The WSJ’s „Heard on the Street” column discusses Citigroup (C), saying that in the last 3 months of ‘06, the level of loans outstanding on the Sears cards dropped 13% to $23bn. That reflects a fall of about 20% from the nearly $29bn of loans on those cards when Citigroup bought the business in late ‘03. The Sears portfolio is just one factor that is weighing on Citigroup. After rallying last month, the co's stock price has lost ground amid investor concerns about rising expenses and the performance of other businesses. Last week, the co ousted Todd Thomson, a rising star at the bank who most recently ran its wealth-mgmt business. The bank needs to find a CFO after announcing plans to move Sallie Krawcheck from that position into the spot held by Mr. Thomson. The performance of the Sears card portfolio is tied to the fortunes of the retailer, which was struggling with sales even before Citigroup bought the card business. Sales at Sears stores open at least a year have been falling for years, and the decline has persisted under the ownership of hedge-fund billionaire Edward S. Lampert. "The issue is not profitability. The issue is growth," says Joe Dickerson, of Atlantic Equities. Based on typical industry growth rates, he ests that the Sears card portfolio should have $32bn in loans. Mr. Dickerson has the equivalent of a Hold rating on Citigroup's stock and a 12-month price tgt of $50.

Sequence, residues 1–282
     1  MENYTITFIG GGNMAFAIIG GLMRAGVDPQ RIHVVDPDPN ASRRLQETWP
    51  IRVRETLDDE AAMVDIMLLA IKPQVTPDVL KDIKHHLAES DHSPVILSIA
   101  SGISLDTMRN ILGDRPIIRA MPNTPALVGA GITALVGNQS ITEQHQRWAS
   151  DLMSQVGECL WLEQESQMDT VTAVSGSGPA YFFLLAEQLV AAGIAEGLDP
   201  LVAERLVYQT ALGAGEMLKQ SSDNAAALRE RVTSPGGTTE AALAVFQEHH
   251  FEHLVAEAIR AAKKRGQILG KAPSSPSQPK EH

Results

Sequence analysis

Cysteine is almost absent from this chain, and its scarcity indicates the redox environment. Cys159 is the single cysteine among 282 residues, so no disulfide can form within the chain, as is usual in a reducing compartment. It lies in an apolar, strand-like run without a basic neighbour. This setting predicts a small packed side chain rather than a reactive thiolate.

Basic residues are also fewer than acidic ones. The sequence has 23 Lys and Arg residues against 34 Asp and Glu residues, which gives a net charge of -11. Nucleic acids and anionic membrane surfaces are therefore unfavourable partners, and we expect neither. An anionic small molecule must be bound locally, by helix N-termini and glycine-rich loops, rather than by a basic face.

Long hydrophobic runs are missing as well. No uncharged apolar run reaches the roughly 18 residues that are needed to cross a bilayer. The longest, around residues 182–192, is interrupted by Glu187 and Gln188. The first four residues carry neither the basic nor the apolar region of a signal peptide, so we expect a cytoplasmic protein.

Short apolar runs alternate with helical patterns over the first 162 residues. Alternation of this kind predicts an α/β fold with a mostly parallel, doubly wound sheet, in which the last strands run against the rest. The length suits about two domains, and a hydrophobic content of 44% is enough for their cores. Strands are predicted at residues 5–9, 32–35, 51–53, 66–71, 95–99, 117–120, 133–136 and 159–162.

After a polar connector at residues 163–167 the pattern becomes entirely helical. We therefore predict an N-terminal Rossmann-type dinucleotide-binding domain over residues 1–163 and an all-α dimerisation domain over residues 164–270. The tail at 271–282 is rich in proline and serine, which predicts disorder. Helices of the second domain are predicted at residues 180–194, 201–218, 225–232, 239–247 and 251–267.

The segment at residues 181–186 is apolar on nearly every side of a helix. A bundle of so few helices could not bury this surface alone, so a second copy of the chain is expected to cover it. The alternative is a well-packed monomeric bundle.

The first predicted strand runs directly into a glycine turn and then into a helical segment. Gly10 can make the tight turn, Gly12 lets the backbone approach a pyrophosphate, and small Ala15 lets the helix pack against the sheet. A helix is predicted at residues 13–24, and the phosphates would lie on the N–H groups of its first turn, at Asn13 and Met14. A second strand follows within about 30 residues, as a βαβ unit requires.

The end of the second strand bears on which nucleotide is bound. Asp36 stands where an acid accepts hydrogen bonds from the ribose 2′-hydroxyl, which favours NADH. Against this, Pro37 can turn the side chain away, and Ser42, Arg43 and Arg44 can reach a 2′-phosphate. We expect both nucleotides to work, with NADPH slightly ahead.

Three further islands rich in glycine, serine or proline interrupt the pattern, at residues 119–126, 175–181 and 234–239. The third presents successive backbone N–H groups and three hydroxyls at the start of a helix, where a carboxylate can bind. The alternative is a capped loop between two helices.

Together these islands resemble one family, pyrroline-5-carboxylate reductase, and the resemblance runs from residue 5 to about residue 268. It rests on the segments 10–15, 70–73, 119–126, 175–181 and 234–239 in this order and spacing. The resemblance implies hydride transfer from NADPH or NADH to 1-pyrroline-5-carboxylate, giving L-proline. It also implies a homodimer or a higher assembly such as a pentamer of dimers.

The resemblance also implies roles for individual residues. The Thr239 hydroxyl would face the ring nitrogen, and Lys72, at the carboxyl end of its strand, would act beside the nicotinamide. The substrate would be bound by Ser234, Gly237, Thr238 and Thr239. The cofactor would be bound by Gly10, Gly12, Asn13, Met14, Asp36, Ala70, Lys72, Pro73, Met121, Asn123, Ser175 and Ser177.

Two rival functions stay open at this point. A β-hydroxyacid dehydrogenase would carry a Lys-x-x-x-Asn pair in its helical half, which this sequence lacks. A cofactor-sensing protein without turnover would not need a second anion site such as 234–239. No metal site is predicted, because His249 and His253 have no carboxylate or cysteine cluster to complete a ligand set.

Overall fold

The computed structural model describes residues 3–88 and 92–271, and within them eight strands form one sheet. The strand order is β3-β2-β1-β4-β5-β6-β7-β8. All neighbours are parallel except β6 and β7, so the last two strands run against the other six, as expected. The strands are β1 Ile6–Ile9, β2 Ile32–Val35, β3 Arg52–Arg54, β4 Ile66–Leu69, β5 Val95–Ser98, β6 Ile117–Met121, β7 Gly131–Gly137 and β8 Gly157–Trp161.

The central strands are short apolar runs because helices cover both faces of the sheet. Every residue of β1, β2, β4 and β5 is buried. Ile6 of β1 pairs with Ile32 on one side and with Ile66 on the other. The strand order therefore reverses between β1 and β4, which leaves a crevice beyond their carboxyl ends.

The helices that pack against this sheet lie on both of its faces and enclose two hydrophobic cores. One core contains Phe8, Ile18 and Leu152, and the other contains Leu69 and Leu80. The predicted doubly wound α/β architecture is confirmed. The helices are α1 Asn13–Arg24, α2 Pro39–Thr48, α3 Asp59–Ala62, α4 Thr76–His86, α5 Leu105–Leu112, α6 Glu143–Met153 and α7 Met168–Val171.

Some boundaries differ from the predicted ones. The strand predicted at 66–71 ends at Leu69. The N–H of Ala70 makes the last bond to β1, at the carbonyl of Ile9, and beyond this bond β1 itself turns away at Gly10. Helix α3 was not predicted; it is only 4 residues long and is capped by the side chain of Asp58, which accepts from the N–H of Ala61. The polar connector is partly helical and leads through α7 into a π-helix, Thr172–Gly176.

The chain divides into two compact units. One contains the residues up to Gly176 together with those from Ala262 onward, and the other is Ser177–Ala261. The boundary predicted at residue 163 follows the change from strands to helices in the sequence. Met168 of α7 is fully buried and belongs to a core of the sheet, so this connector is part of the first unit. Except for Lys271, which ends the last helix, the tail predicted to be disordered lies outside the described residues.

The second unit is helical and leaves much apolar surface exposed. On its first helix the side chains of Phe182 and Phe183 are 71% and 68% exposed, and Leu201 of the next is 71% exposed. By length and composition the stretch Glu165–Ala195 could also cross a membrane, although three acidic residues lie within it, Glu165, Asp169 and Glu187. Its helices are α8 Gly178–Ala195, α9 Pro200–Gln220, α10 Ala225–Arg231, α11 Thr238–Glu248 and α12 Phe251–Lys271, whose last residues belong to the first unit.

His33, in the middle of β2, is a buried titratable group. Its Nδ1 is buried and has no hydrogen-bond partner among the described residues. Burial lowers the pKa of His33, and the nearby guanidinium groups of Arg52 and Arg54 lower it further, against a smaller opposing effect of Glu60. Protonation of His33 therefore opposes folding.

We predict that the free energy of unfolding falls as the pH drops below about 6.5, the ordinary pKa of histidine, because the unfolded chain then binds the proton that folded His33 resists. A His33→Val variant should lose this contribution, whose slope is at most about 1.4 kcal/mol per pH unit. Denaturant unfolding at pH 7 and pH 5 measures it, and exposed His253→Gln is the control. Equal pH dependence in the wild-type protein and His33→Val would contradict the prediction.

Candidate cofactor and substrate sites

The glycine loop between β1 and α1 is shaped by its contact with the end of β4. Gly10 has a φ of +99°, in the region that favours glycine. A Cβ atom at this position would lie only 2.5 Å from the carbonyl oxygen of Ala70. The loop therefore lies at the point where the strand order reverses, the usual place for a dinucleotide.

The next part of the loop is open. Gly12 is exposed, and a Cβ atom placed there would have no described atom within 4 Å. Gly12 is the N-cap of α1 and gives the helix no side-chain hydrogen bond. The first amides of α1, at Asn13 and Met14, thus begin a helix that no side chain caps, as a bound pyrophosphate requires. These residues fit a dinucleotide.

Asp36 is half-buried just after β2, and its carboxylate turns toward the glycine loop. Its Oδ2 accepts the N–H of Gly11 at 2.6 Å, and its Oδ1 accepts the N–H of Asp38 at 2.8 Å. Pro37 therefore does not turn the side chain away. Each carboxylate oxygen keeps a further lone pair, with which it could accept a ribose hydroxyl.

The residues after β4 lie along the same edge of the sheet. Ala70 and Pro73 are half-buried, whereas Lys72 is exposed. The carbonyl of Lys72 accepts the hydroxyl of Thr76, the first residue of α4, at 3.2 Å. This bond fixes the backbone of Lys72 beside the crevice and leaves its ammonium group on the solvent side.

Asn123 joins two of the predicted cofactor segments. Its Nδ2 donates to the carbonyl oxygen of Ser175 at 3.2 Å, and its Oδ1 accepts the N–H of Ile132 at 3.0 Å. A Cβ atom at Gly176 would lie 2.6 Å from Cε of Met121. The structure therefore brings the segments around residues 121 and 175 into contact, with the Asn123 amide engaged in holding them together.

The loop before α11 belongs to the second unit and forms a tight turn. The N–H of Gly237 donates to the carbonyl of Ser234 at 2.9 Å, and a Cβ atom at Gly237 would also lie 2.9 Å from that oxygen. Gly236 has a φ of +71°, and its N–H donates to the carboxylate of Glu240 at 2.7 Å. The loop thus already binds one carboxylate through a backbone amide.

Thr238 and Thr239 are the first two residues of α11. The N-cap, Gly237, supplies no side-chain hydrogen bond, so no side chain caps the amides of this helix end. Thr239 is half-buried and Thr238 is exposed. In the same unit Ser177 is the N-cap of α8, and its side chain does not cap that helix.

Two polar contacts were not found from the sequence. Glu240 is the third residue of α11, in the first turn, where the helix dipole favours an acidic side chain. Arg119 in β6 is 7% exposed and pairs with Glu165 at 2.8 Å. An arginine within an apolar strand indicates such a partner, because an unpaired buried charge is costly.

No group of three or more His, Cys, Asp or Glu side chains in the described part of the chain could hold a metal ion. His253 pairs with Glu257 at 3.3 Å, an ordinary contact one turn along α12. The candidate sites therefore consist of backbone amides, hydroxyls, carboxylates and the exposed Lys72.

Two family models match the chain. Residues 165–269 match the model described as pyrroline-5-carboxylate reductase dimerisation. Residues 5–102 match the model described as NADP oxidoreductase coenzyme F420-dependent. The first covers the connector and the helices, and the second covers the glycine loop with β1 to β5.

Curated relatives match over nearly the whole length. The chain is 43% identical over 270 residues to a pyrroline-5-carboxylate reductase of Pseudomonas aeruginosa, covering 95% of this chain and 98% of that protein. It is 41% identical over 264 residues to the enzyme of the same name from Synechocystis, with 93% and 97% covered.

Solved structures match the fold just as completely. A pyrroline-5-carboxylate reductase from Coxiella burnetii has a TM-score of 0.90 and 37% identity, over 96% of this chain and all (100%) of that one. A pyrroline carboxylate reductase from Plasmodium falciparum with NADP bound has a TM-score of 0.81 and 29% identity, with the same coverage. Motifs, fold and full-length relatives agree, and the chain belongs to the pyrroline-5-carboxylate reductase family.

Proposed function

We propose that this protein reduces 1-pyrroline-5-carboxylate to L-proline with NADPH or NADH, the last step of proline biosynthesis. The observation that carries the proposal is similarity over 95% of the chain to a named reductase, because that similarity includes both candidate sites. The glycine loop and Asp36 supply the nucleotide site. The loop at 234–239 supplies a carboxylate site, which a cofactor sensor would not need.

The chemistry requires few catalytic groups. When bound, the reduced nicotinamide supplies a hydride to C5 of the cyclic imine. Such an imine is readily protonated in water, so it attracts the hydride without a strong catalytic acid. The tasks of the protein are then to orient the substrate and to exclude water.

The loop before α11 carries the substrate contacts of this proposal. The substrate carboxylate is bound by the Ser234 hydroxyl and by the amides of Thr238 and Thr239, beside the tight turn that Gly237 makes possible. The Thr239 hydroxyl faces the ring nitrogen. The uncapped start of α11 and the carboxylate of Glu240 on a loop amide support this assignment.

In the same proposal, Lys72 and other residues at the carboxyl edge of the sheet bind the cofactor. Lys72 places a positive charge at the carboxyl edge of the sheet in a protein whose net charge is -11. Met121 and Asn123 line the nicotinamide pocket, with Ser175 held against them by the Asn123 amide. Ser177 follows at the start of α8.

Barron’s Online “Inside Scoop” section reports that Blum Capital Partners, a private-equity firm, spent $23.6M to buy 547K shares of Getty Image (GYI) on the open mkt through Jan. 18, ’07. The investment firm built up an initial stake of about 1.9M shares in the 3Q06 when the stock lost about a quarter of its value. Blum has since boosted its holdings to more than 3M shares, or 5% of Getty's nearly 60M outstanding. Blum's investment in Getty is valued at nearly $133.7M based on today's mkt price. Getty is Blum's fourth largest holding. Ben Silverman, of InsiderScore.com, notes that as the mkt leader, Getty's pricing model is considered expensive and inflexible compared with smaller players. Getty's beaten-down shares "certainly fits Blum's pattern of using some weakness for position building," Silverman says. He notes that Blum is currently in its third quarter of holding Getty shares and that the firm typically holds positions "for eight quarters-plus." Silverman says that delay "works as a nice hedge" b/c if Getty's result disappoint "they can claim to be an activist after all.